You should be covered for fallen trees and branches if they’re the result of a peril covered in your policy.
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Does home insurance cover tree damage?
Coverage is conditional on several factors — most importantly, how it fell.
Homeowners insurance can cover many types of tree damage and some tree removal, both to your property and your neighbors’. But some restrictions apply.
You won’t be covered if a tree falls due to pruning, or for damage caused by tree roots.
How homeowners insurance covers tree damage
The way insurance covers tree damage varies between policies, but generally the following applies:
You’re covered if a tree or branch falls on your property due to a wind storm, lightning or other peril that’s included in your standard homeowners policy.
But you’re not covered for damage that’s considered a maintenance issue, such as not pruning back branches, or damage caused by tree roots.
Exclusions and exceptions
It will vary by policy, but some exceptions generally apply.
- You won’t be covered for falling trees and branches if the damage was caused by tree lopping or pruning, either by yourself or someone who was doing it with your approval.
- You won’t be covered if a tree falls due to root rot or was a danger before the event that caused it to fall.
- You likely won’t be covered if the tree fell from earth movement — earthquake, landslide, sinkhole and the like.
- You can be covered for tree root damage if it strangled water pipes, resulting in the release of liquid. You might be covered for the damage caused by the escaped liquid, but probably not for the the pipe repairs.
Does homeowners insurance cover damage from a neighbor’s tree?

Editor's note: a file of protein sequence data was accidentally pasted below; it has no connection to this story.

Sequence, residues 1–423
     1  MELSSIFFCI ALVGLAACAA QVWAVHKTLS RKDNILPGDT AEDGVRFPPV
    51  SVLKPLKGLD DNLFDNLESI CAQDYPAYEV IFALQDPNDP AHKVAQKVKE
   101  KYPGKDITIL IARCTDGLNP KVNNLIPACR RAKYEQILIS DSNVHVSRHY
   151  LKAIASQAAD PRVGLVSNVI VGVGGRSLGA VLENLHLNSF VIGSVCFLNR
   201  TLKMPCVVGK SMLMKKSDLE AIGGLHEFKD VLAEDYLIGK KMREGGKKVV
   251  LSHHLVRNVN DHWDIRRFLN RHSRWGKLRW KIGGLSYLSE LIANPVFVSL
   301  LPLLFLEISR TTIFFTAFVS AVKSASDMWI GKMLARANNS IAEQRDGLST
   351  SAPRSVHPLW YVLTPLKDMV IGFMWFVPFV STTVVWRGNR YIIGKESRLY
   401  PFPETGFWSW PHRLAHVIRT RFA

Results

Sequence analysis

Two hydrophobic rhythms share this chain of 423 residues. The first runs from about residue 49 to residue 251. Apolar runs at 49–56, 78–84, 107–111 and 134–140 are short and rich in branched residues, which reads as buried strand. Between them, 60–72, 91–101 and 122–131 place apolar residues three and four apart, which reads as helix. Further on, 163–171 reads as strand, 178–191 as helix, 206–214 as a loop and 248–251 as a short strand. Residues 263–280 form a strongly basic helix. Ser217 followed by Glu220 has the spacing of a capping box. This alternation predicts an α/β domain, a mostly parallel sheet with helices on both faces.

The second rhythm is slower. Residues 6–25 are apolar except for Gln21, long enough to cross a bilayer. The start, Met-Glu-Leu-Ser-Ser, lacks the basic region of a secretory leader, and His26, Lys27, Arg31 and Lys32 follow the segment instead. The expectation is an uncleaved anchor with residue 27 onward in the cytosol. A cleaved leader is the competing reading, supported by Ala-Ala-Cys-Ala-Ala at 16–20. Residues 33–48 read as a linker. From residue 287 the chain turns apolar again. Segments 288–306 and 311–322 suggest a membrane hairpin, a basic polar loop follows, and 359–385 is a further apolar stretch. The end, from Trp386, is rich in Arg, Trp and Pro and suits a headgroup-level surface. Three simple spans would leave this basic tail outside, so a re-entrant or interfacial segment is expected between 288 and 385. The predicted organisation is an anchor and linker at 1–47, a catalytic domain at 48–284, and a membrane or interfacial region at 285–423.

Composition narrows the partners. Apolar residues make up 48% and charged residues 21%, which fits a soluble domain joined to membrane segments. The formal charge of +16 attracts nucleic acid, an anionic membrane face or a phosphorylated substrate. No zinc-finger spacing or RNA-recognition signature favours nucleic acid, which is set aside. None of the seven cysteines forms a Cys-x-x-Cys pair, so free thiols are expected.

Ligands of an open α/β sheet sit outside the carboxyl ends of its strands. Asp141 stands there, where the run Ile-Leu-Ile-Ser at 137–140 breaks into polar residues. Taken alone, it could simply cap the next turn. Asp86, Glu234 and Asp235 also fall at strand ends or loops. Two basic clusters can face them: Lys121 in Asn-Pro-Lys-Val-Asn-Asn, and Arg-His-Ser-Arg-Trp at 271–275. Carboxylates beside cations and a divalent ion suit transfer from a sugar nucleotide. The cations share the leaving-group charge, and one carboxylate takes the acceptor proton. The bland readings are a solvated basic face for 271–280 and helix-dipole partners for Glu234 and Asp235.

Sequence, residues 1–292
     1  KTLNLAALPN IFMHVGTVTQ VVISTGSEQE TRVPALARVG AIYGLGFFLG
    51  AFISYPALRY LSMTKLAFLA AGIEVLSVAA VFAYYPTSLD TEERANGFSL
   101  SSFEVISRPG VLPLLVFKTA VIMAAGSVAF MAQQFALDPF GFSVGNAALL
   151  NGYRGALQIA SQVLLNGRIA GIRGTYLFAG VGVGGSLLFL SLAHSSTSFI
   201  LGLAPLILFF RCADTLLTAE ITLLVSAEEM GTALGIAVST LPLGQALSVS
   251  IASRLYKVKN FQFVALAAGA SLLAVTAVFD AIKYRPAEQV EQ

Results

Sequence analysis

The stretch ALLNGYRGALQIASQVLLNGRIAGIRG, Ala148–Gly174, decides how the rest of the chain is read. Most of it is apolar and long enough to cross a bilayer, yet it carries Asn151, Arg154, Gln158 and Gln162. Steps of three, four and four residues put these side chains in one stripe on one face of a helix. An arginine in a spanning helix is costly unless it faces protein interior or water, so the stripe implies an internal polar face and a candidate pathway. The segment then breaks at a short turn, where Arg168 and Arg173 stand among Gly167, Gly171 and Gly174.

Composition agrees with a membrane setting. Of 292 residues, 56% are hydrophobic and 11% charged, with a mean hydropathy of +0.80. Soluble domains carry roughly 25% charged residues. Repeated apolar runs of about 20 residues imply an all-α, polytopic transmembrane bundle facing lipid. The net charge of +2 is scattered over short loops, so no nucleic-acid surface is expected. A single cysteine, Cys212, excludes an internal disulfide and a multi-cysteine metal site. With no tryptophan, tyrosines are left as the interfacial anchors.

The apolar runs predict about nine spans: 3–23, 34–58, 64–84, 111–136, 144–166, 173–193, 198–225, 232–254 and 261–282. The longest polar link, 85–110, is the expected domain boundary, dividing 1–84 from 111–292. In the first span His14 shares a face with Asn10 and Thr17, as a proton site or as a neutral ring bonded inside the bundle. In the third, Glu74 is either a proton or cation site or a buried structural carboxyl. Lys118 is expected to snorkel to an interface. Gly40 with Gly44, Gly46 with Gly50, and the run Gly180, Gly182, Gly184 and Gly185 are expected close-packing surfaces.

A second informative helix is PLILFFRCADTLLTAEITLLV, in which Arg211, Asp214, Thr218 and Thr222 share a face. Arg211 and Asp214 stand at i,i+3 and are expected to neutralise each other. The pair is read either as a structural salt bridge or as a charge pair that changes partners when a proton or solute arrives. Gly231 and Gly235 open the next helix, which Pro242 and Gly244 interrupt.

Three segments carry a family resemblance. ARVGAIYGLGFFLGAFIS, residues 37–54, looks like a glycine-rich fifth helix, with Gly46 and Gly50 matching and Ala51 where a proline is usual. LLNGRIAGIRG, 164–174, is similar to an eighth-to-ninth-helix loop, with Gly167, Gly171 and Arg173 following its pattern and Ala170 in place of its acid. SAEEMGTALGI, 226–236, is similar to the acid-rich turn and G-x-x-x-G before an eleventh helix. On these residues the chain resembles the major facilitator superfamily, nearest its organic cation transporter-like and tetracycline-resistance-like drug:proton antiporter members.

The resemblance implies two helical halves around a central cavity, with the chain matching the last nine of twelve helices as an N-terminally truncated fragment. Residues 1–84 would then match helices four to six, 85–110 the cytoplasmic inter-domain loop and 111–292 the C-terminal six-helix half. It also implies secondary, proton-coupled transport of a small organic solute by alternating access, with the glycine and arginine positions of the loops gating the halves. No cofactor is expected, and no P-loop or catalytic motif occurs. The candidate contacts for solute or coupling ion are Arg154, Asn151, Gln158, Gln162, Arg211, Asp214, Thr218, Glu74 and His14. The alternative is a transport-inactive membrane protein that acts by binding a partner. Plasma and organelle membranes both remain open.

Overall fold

Typically your homeowners insurance will cover damage to your home regardless of where the tree came from if it’s otherwise eligible. But it may work with your neighbor’s insurance provider to make back some of its losses if the tree was a hazard before it fell.
If your insurer finds that your neighbor is responsible and is able to recoup its payment to you, you may even get your deductible back. Otherwise, nothing will change on your side of the claim — the damage will still be covered as if it had been a tree on your property.
Does homeowners insurance cover tree damage to a car?
If a tree lands on your car, it’s unlikely that a home insurance policy will offer coverage for the loss. Instead, you’ll want to check your car insurance policy. If you have a comprehensive plan, you should be covered against falling trees and debris.
Is tree removal covered by homeowners insurance?
Whether removal is covered depends on where and how the tree fell. A tree that fell on open land without hitting any structures likely isn’t something you can claim unless it fell due to a peril included in your homeowners insurance.
Even then, a hail, ice or wind storm taking down a tree may result in a denied claim if it didn’t hit any structures. Perils, age and rot are almost always excluded, just as they are with claiming damage.
It’s also important to know that there are typically limits on how much a provider will pay to remove trees and other debris — and that you still need to pay the deductible. It may not make sense to file a claim if the deductible is more than the removal cost when no structures were damaged.
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You can likely claim damages to your house caused by falling trees as long as the fall is caused by an event that’s already covered by your homeowners insurance. Check with your insurance provider to fully understand what your specific policy covers.
Frequently asked questions
How am I covered by homeowners insurance if the tree falls as the result of a flood or earthquake?
Floods and earthquakes are two of the most common exclusions for homeowners insurance. However, you may be covered if you have specialized flood or earthquake insurance — but you’ll need to check your specific policy.
Who has to pay if a professional landscaper downs the tree?
A hired professional landscaper may have liability insurance. In the event they cause damage to your property while pruning, check to see if you can file a claim through their business.
Will the insurance company provide a contractor for repairs?
It depends on the provider. You may be offered the services of a contractor who has an existing relationship with the insurer. Discounts and warranties are often offered as incentives for working with these contractors.
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